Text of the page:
Professional counseling does not occupy any of my time thee days but that’s where I have most training, where I am licensed by the state, and the subject of much of my writing and teaching. Not surprising, then, Psychotherapy Networker (PT) magazine goes to the top of my reading pile whenever it arrives. The articles on therapy have surprising relevance both for mental health professionals and for non-counselors like many who read this newsletter. The March/April issue addresses an issue that we all could consider profitably: We are older as a discipline, profession or individual. But is there any evidence that we are better? Stated differently, “Do our old ways fit the new times?” The PT answer seems to be “not much.”
- First we need to remember that established methods that have worked for years are not necessarily bad just because they are old.
- At times we all succumb to fads that claim to be revolutionary breakthroughs. (Mindfulness and evidence-based practices are among the most recent.) Therapists aren’t the only ones “succumbing to the allure of novel procedures and fancy theories, particularly those that promise quick and dramatic cures” and changes. In time most fads fade and we rush to something new.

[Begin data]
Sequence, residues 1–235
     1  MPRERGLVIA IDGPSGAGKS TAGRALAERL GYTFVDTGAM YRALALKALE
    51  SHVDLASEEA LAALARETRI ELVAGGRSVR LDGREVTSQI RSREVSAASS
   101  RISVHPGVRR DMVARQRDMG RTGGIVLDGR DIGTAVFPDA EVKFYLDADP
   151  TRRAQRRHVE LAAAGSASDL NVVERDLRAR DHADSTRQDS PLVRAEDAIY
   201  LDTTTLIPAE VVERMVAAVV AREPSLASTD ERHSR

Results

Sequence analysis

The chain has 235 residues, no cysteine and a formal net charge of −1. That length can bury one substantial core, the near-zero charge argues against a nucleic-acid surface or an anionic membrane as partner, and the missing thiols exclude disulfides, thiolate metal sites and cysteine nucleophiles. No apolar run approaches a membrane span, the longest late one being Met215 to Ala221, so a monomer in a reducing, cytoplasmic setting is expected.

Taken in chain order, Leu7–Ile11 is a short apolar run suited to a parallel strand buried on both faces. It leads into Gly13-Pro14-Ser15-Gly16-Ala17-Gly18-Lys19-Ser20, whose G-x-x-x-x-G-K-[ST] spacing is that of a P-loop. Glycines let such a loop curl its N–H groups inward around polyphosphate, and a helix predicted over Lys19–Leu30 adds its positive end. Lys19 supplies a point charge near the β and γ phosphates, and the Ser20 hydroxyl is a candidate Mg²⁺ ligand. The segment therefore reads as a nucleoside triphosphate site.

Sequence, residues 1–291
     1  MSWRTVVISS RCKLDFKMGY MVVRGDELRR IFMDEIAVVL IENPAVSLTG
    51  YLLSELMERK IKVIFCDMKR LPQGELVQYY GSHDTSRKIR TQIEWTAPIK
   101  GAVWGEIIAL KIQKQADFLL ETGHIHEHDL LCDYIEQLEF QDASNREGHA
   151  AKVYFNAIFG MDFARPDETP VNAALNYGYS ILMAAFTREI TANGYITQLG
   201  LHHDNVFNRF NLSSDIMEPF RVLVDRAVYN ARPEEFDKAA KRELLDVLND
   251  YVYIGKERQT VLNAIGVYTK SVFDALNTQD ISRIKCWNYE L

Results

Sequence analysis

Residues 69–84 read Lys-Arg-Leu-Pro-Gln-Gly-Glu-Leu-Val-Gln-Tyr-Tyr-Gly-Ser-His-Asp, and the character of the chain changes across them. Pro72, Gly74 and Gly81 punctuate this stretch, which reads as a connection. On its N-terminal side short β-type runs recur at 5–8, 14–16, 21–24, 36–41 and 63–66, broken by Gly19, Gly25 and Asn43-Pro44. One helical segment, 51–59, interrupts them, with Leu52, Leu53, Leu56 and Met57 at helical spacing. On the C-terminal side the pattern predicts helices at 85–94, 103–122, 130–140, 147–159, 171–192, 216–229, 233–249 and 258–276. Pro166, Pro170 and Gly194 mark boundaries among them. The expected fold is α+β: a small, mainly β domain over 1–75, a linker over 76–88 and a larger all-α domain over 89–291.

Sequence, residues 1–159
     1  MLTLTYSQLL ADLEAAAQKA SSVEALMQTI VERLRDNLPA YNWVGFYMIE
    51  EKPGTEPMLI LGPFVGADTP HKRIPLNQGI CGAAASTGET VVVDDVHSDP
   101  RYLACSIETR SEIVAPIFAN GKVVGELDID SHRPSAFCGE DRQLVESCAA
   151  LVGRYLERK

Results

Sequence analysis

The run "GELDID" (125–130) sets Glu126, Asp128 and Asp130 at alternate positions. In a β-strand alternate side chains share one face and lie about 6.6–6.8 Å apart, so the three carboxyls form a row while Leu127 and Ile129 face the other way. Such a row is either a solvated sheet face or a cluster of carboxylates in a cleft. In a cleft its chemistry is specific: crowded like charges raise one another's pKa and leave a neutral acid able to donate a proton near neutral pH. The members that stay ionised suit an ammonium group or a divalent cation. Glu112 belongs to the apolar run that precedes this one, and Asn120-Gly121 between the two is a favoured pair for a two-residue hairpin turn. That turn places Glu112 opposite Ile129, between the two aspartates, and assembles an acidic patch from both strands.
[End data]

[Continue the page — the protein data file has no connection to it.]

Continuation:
- Despite all our approaches, methods, theories, and training seminars, this conclusion emerges as “one of the most robust research findings in the psychological literature: all therapies…produce the same level of results, regardless of the particular insights they promulgate.”
- “We need to embrace what our research tells us: a professional relationship organized around empathy, genuineness, respect, openness, congruence, collaboration, and goal consensus helps people change.”
- Cultural awareness counts a lot. Mary Piper writes that the main area where “we’re failing right is taking into account the impact of the larger culture on all of us…. The kind of verbal, cognitive, come-and-sit-down-in-an-office [or talk on the telephone or Internet] approach is deeply unsuited to the poor and underserved populations that we’re ignoring.” Overall our work “remains largely a white, upper-middle-class phenomenon.” Often we fail to recognize and understand the growing elderly population or the young emerging generations where we’re not connecting.
- No one of us can connect with everybody but we must not forget that we work and lead in community.
This picture is not limited to mental health professionals. For all of us the question remains. We are getting older but are we getting better? Please comment.